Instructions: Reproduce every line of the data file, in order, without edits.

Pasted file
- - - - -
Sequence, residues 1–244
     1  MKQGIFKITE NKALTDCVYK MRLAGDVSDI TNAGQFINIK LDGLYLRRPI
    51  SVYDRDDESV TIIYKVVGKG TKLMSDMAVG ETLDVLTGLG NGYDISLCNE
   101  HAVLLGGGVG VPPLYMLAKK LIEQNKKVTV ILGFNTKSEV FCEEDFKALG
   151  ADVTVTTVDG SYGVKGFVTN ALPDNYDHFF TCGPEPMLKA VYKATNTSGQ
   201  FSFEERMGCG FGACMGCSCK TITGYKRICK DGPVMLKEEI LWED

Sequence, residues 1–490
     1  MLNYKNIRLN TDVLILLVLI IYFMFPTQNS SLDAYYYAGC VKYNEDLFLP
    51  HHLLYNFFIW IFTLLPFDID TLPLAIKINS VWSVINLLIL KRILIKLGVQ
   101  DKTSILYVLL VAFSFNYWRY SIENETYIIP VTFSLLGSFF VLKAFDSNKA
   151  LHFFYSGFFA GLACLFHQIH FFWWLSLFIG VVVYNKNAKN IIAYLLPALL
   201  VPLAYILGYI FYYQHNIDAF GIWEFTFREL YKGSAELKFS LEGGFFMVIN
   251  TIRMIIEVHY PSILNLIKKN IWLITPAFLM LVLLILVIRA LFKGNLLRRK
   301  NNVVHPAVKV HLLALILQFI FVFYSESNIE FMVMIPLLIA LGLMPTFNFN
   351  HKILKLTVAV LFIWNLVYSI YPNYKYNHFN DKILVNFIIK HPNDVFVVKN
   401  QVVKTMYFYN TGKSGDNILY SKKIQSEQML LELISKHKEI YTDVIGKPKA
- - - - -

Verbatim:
Sequence, residues 1–244
     1  MKQGIFKITE NKALTDCVYK MRLAGDVSDI TNAGQFINIK LDGLYLRRPI
    51  SVYDRDDESV TIIYKVVGKG TKLMSDMAVG ETLDVLTGLG NGYDISLCNE
   101  HAVLLGGGVG VPPLYMLAKK LIEQNKKVTV ILGFNTKSEV FCEEDFKALG
   151  ADVTVTTVDG SYGVKGFVTN ALPDNYDHFF TCGPEPMLKA VYKATNTSGQ
   201  FSFEERMGCG FGACMGCSCK TITGYKRICK DGPVMLKEEI LWED

Sequence, residues 1–490
     1  MLNYKNIRLN TDVLILLVLI IYFMFPTQNS SLDAYYYAGC VKYNEDLFLP
    51  HHLLYNFFIW IFTLLPFDID TLPLAIKINS VWSVINLLIL KRILIKLGVQ
   101  DKTSILYVLL VAFSFNYWRY SIENETYIIP VTFSLLGSFF VLKAFDSNKA
   151  LHFFYSGFFA GLACLFHQIH FFWWLSLFIG VVVYNKNAKN IIAYLLPALL
   201  VPLAYILGYI FYYQHNIDAF GIWEFTFREL YKGSAELKFS LEGGFFMVIN
   251  TIRMIIEVHY PSILNLIKKN IWLITPAFLM LVLLILVIRA LFKGNLLRRK
   301  NNVVHPAVKV HLLALILQFI FVFYSESNIE FMVMIPLLIA LGLMPTFNFN
   351  HKILKLTVAV LFIWNLVYSI YPNYKYNHFN DKILVNFIIK HPNDVFVVKN
   401  QVVKTMYFYN TGKSGDNILY SKKIQSEQML LELISKHKEI YTDVIGKPKA